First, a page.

Wong resigns; Lutey is named corporation counsel
Even with charges dropped, mayor accepts resignation
WAILUKU — Maui County’s top civil lawyer, Corporation Counsel Patrick Wong, resigned Tuesday following a contentious County Council confirmation process and a domestic incident last month.
At a news conference Tuesday afternoon, Maui County Mayor Michael Victorino also announced his selection for Wong’s replacement, veteran Deputy Corporation Counsel Moana Lutey. She takes the post in an interim role until confirmed by the County Council.
At the news conference and in a news release, Victorino did not give a reason for Wong’s resignation, but it likely stemmed from Wong’s arrest and charges of abuse of a household member in an incident in March. Wong was placed on paid administrative leave after the incident.
Last week, the state attorney general’s office, which was handling the case, declined to prosecute Wong after “careful review of all available evidence.”
Victorino said he accepted Wong’s resignation after reviewing the results of the police investigation. The case was referred to the state attorney general’s office to avoid a conflict of interest.
“Nevertheless, I believe it’s in the best interest of the Department of Corporation Counsel and the people of Maui County for Mr. Wong to step down at this time,” Victorino said in a news release.
At the news conference, Victorino said he told Wong that he wished “him nothing but continued success in his life.”
“And I hope he finds solace that I think he’s done in many areas for this county,” the mayor continued. “(He) has done a terrific job to move forward. I wish him and his family continued success and that whatever comes out of this for him and his family, it will be a positive one.”
His replacement, Lutey, has been a deputy corporation counsel for 18 years, overseeing the litigation section for about 12 years. Prior to joining the Corporation Counsel Department, she was a deputy prosecuting attorney for Maui County.
“Ms. Lutey is an excellent attorney with the legal experience to ably lead the Department of Corporation Counsel,” Victorino said in the news release. “Ms. Lutey’s depth of experience and commitment to public service make her exceptionally qualified to lead this important department.”
Victorino had those attending the news conference sing “Happy Birthday” to Lutey, who turned 52 on Tuesday.
Lutey, a Lahainaluna High School graduate, received her law degree in 1994 from the William S. Richardson Law School at the University of Hawaii at Manoa. She also has volunteered as a guardian for children.
After the news conference, Lutey said her immediate goals included getting the department “back on track” and “feeling not so unsettled.” She said she looked forward to establishing a relationship with the administration and the County Council.
“That’s my first goal,” she said.
The Corporation Counsel Department advises both the administration and the council.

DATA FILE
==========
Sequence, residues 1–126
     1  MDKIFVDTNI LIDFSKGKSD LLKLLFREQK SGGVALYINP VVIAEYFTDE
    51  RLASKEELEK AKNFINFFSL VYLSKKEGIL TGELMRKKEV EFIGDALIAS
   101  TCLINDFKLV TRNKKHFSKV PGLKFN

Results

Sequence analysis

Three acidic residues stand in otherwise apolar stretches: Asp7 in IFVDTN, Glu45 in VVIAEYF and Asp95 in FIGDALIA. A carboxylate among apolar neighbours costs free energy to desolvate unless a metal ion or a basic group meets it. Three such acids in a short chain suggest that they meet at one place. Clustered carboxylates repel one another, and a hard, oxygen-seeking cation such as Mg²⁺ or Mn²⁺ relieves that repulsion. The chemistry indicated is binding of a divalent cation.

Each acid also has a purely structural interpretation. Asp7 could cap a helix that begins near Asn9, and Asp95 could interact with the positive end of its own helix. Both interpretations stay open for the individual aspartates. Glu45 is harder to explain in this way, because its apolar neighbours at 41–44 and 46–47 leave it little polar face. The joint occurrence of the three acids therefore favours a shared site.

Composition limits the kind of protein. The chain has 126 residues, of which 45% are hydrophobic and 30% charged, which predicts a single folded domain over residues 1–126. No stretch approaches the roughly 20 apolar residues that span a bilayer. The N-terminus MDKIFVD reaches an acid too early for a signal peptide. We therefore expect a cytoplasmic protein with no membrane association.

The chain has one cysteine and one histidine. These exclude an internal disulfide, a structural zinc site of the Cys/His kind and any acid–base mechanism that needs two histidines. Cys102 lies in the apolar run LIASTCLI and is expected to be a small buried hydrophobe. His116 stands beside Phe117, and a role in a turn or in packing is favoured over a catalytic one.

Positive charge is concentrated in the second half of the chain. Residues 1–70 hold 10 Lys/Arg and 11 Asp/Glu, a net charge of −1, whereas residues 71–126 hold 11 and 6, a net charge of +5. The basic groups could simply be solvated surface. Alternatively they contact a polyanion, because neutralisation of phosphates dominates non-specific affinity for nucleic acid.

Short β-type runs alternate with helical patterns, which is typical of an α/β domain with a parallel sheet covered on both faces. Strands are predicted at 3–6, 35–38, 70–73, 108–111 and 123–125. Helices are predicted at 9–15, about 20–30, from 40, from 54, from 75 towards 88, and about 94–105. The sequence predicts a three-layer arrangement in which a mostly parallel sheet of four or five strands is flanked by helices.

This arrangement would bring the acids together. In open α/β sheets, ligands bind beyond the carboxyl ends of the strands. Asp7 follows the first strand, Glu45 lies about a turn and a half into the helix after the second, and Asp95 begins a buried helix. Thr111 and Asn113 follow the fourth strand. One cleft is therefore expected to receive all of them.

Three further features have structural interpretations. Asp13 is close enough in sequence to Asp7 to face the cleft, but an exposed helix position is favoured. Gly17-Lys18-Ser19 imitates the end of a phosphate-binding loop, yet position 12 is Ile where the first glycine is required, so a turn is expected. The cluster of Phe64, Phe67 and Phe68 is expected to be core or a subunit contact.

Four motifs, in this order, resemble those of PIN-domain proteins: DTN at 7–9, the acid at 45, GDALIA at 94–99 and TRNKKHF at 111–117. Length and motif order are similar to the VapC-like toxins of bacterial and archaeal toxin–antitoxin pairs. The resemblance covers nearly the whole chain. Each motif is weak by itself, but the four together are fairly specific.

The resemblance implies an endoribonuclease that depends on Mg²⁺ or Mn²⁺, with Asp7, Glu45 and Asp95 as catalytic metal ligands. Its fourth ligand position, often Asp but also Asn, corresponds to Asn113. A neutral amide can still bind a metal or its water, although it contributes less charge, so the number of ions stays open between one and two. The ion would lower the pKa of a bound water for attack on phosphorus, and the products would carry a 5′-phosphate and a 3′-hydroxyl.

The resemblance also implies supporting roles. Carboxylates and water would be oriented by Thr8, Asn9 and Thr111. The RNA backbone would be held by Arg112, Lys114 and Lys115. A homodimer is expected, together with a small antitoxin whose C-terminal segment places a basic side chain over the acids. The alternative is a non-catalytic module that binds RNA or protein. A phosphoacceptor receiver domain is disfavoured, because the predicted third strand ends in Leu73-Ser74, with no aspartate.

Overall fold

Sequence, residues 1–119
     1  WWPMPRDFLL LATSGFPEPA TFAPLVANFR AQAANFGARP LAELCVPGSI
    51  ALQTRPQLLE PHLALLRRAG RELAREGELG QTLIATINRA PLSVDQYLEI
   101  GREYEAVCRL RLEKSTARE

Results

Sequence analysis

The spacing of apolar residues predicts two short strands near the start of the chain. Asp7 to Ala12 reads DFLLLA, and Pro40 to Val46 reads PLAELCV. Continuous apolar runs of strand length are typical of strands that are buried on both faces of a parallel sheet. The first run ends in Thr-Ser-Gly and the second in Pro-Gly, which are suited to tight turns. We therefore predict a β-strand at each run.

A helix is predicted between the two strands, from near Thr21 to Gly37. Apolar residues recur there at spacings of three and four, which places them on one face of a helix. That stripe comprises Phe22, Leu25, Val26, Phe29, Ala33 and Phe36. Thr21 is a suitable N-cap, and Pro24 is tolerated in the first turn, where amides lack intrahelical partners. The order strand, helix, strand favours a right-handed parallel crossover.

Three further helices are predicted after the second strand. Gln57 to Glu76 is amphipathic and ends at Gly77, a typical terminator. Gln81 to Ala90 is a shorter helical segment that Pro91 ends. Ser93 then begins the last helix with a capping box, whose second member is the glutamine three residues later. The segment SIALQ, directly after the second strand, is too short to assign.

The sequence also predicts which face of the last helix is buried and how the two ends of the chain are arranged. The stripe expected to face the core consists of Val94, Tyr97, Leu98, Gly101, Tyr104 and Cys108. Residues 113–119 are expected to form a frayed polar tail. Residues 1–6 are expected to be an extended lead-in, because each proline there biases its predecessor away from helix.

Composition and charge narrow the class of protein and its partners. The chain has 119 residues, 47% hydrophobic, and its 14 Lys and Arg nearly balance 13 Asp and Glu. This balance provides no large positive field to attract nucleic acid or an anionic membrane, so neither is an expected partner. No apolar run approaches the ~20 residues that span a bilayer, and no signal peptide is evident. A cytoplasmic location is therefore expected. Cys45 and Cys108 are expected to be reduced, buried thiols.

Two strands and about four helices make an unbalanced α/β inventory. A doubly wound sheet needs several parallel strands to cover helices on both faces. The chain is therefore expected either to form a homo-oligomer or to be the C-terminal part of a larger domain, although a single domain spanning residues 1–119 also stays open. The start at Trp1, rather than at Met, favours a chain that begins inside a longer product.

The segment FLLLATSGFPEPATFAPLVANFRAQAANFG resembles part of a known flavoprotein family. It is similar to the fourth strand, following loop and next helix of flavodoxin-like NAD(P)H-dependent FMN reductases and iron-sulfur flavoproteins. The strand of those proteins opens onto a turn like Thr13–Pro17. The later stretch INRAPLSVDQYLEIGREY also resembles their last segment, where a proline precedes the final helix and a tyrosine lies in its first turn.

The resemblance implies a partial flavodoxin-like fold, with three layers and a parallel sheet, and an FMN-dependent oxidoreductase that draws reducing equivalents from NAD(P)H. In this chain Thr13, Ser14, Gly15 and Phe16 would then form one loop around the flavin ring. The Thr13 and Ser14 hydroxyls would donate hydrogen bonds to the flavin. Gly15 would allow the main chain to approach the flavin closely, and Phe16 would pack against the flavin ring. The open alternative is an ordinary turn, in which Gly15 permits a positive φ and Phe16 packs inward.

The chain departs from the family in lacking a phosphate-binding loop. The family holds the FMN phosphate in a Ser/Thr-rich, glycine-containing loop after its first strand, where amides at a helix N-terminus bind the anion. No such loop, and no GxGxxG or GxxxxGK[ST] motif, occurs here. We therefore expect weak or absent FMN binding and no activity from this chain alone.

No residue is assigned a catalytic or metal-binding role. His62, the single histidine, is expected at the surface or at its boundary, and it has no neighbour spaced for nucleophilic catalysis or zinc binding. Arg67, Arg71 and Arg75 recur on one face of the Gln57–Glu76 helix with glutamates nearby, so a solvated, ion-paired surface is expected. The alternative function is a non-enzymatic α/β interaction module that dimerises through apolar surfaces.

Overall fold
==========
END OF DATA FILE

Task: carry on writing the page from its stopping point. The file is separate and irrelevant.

Another goal is to “get some education out there in some big cases right now that are pending so it’s not so confusing maybe for the public.” Among the biggest cases is one before the U.S. Supreme Court involving injection wells at the Lahaina wastewater treatment plant. Environmental groups have sued the county over water from the wells percolating into the shoreline and damaging the ocean environment.
Lutey’s nomination now heads to the council for confirmation. Ed Kushi Jr., who has been running the office since Wong was placed on administrative leave, remains as first deputy corporation counsel.
Wong was arrested at 12:15 a.m. March 9 at a Wailuku residence and charged with abuse of a household member, a misdemeanor. Wong posted the $1,000 bail that same day and was released.
Previously, Victorino confirmed that the complainant was Wong’s girlfriend and that she was working in the Department of the Corporation Counsel when Victorino came into office. Victorino said he decided to transfer her to the Office of Management to “eliminate or lessen any nepotism that may have been preexisting.”
Wong served under Mayor Alan Arakawa and was appointed by Victorino to continue in his position. A council committee recommended rejecting him in a 5-4 vote, but he was confirmed in the final council vote on Feb. 22 when Council Member Tasha Kama switched sides.
Some council members and public testifiers said Wong had stifled legislation and reacted aggressively toward opponents. Members of his department and family came out in support of his appointment.
After the Tuesday’s news conference, news releases were handed out along with a letter to the mayor from the state Department of the Attorney General, which said “Wong’s conduct did not constitute Abuse of a Family or Household Member.”
“There were no facts that substantiated an effort to cause physical harm to the complainant. Moreover, Wong’s conduct did not amount to a deviation from the standard of conduct that a law-abiding person would observe in the same situation,” said the April 8 letter from Deputy Attorney General Michelle M.L. Puu.
The letter said the decision was discussed with the complainant, and she supports the department’s decision.
The state attorney general’s office said each case is evaluated on the evidence presented and not the identity of the accused or accuser and that prosecutorial review “is a tremendous responsibility that this department does not take lightly.”
Victorino said he was now “confident that due process has been served, and I look forward to finally achieving closure in this matter.”
“My prayer today is that everyone will be able to heal, find peace and move on,” he said.
* Melissa Tanji can be reached at firstname.lastname@example.org.